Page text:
Bellator 222: Prospect Mike Kimbel looking to prove a peer wrong in his quest to become a dominant fighter
A young prospect, Kimbel has grown to become a record-breaking star with Bellator in just a short period of time.
If there is one thing Bellator is known for, it is how to handle their prospects. Connecticut’s Mike Kimbel is just the latest entity to make their presence felt inside the Bellator cage. In a stacked bantamweight division, the young Kimbel’s (2-1) goal is to separate himself from the rest of the pack.
Kimbel is set to face Sebastian Ruiz on Friday, June 14 inside Madison Square Garden. Knowing how rich in history MSG is when it comes to sports, Kimbel sees this as the ultimate opportunity.
“It is a true dream come true,” Kimbel stated during media day in regards to fighting inside Madison Square Garden. “Who does that? Seriously, who comes into MSG in their fourth fight on a card with a bunch of stars? This is my first time ever being inside The Garden. I have always heard about it through media and have seen plenty of great moments inside The World’s Most Famous Arena. Knowing Muhammed Ali has been here, from boxing to MMA, it is just amazing to be involved.”
One of the youngest prospects in Bellator, Kimbel was growing up around MMA’s rise in popularity. Seeing the beauty of the sport, along with his mom watching him watch what he would end up doing was important to him. She, along with a few driving forces, became his influences in his career.
“My mom became my biggest supporter,” Kimbel continued. “I just loved watching MMA, with fighters like Georges St-Pierre and Chuck Liddell. She actually thought it was karate. On a personal level, Michael Page is like a brother to me. I love my management team, and Conor McGregor has been giving me words of wisdom. My teammates as well, this truly is a team effort. Taking little things and rolling with what is good is how I put in the work, like a sponge. I’m a 22-year-old kid. If I thought I knew it all I don’t know where I’d be.”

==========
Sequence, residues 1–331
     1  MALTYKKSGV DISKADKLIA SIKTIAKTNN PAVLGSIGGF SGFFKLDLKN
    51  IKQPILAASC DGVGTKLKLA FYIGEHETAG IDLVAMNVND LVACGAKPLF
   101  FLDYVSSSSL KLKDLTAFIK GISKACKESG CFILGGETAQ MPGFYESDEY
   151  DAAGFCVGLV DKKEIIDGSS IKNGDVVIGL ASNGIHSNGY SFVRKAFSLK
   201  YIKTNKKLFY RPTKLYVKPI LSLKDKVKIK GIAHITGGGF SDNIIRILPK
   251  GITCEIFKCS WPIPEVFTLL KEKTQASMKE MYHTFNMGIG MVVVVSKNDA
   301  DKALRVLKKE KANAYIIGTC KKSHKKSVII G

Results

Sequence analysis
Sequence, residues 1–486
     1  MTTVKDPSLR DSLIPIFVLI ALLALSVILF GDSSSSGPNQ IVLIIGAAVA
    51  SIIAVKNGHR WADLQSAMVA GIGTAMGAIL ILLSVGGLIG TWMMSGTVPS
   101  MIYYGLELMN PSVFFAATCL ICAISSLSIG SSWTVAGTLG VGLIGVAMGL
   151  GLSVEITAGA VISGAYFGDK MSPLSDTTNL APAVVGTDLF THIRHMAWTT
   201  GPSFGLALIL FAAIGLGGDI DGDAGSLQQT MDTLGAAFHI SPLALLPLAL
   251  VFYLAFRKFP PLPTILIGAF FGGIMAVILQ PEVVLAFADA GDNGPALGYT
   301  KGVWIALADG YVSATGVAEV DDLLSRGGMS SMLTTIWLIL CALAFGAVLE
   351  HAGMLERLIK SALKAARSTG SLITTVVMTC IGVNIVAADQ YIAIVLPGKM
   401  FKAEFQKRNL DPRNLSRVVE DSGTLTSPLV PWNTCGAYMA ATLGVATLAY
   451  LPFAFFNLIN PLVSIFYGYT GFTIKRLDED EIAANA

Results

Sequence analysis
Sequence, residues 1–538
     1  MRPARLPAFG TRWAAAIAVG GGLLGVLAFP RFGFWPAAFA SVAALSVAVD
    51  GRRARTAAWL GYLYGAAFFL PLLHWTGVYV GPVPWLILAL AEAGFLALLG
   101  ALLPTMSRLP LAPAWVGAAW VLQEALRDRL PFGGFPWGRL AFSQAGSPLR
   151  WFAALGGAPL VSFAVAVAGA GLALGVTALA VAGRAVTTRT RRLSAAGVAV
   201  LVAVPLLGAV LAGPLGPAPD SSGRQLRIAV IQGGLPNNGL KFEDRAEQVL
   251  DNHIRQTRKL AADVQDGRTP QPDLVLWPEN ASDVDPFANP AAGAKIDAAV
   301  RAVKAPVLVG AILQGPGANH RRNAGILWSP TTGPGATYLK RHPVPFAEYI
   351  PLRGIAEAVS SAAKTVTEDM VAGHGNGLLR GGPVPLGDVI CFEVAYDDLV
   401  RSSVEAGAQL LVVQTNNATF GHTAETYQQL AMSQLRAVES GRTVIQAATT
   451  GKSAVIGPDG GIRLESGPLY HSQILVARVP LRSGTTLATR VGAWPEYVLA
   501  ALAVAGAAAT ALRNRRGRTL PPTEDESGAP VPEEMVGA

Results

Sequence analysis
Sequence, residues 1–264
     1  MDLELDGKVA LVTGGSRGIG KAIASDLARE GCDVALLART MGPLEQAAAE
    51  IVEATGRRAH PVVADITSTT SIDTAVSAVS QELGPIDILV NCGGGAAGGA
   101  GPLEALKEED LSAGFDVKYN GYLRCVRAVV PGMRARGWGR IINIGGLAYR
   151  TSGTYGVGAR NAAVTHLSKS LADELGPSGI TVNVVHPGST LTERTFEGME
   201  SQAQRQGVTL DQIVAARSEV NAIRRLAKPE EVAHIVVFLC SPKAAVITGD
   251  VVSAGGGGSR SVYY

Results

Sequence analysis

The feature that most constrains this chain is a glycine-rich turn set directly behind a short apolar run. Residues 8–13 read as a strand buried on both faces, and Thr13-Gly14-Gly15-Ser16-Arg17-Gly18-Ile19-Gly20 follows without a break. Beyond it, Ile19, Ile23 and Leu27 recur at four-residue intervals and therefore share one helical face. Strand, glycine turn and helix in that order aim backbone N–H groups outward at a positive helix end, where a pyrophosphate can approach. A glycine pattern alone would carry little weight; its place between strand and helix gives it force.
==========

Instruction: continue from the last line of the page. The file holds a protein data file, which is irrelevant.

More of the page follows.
Kimbel beat Alex Potts at Bellator 207, tying the record for fastest knockout in Bellator history in just six seconds. That was after knocking out Geoffrey Then at Bellator 194. While he was controlling his last fight against Josh Douma at Bellator 215, he lost via triangle choke after a slam that could have ended badly. While fight fans haven’t seen much of what he can do, Kimbel is working hard to expand his game. Getting a purple belt, Kimbel is looking for the next step in his evolution.
What truly motivates Kimbel to become the best that he can be? A small interaction with a high school professor helped his passion grow.
“I’ve been training since I was 13. When I was a junior in high school, I produced a PowerPoint for the class I was in,” said Kimbel. “At the time, MMA was just about to be legalized in New York, and I presented a case for why it should be. My teacher stopped me and asked if this is what I want to do, I said yes. His response was, ‘Your odds of making it in the big leagues is like my odds of being an NFL player tomorrow.’ I said I respected his opinion, but I’ll show him. Here we are, not even four years later and I’m about to blow the roof off of Madison Square Garden.”
Kimbel believes he is three or four fights away from challenging for the Bantamweight Championship. While he already has the respect of many of his peers, Kimbel needs more time to truly hone his craft.
“By my area, there hasn’t really been a true role model,” said Kimbel. “The principal asked me to come in to speak to the kids at my school, and I respectfully declined. I feel like I’m not of that stature yet, I’m not a champion. I’ve set records but I haven’t won ten fights. Right now, I’m not that guy. It will be interesting to see down the line when I do come and visit if that teacher is in the NFL yet.”
Ruiz is the first obstacle in his way. Getting back into the win column is important for Kimbel’s growth, but it won’t be easy. Ruiz is a wide striker and has never been knocked out. Kimbel has also heard he is a durable fighter, but he is looking to end all of that talk. From the Mohegan Sun Arena in Uncasville, CT to Madison Square Garden, Kimbel has had an interesting journey in just a short period of time.
With family and friends coming down to support him, Kimbel will look to add more fans to his team. As long as he doesn’t talk pizza with anyone from New York, of course.
“Connecticut has the best pizza,” Kimbel proclaimed. “There’s Frank Pepe’s, but there are little shops in Waterbury that serves pizza better than New York or anywhere else.”
Latest posts by Daniel Yanofsky (see all)